What I learnt from being on tour with punks…

As most of you will know my boyfriend, Miz is in a band and has been in various bands for a very long time. He goes on mini tours about once a month and gigs around the UK frequently. His latest incarnation of his band is a three piece meaning that whenever they go on tour there’s no space in the car for me so I’ve never been on tour with them. This year, Miz started pursuing some acoustic stuff under the Larkhill name and this weekend I had my first experience of being on tour and thought it’d be interesting to blog about as it’s not something everyone will have experienced and was certainly very illuminating and fun! Now, just bear with me whilst I write this currently being the most tired I’ve ever been.

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My Miz playing acoustic as Larkhill

Ok, so we headed off a day early to drive to Exeter to catch our friends band, Splitsville support one of our fave bands, Gnarwolves at Exeter Cavern. This was my first time to Devon, so was great to discover a new city. So, that was a six hour car journey with no stops and then straight to a venue for a gig, intense! Add in drinking and dancing to that and things get silly pretty quickly. We stayed in our friend Jordan’s room in student halls, fortunately we had a proper bed and en suite, so touring in style!

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Jordan from Splitsville supporting Gnarwolves

Day two, Miz was set to play a No Seatbelt DIY secret show in a tiny room which wasn’t due to start until 7.30pm, so you wake up not in your own bed and without your usual routine and home comforts and have WHOLE day to kill before the gig. Again, mega tiring and the most common thing to do is to go for a wander and yes, usually hungover and eating on a budget. We walked about 15 miles that day. The gig was mental, about 6 acts playing to 30 people in a tiny room with no air con, it was hot, it was intense and I was suffering with extreme tiredness. It was awesome, but man it was hard going physically and that’s without drinking at all on this day. We got back to the flat at 3am, I fell asleep almost instantly.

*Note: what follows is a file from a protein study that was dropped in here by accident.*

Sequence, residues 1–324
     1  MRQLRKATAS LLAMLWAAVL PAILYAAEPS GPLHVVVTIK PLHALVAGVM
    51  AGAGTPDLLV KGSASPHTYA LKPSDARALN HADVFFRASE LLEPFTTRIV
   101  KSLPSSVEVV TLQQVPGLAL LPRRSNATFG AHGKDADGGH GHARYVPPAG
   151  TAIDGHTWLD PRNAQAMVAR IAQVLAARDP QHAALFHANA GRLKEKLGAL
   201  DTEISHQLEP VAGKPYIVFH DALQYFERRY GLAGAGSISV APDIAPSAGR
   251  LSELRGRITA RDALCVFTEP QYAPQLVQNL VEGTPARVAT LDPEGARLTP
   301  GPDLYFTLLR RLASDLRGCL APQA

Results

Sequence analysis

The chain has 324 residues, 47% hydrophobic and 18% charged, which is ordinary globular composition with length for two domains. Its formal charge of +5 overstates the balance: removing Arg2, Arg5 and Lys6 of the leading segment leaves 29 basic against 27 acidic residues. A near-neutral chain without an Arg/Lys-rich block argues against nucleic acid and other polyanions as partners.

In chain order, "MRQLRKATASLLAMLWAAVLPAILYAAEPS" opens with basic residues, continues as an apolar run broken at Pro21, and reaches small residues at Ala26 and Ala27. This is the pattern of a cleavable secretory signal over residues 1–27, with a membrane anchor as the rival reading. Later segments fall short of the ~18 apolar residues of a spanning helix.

Day three, thankfully I had a good sleep so feeling refreshed (but still a bit gross) we drove to Southampton to play a house show for Make My Day Promotions. Drive took about 1 hour 30 mins and we had a McDonald’s stop off on the way but once again, you’ve got a full day to kill so wandering and drinking continued, once again, being on a budget means Lidl and Wetherspoons are your friends. We got to the house for around 7pm again and drinking starts. It was a quiet one, but filled with the best people possible, bedtime was about 3.30am and in slightly more cramped conditions.

Day four, an early start and another hour and a half drive back to our home in Brighton which meant we were finally able to chill, shower and relax before hosting our own show under our promo name P.S The Scene Is Dead in the evening and getting home about midnight.

And then it was over, so, what did I think? What did I learn?

Touring is expensive

Being in a band is expensive before you even attempt to record anything or go on a tour, which are both pretty crucial to being a band. The expense of touring results in you doing lots of things on a budget, which directly influences point two on my list. This really made me realise how much of a barrier money can be to succeeding as a band and why more people need to support these small bands, they need your money WAY more than Beyoncé does. Most cities and towns host small gigs of all sorts of genres for free or for as little as £2, so if you dig music, go support your local creative and small, DIY musicians who are in it for the sheer love of it all, go support them and help them live their dreams, you’ll probs meet some really awesome people through it too.

You will eat a lot of crap and drink too much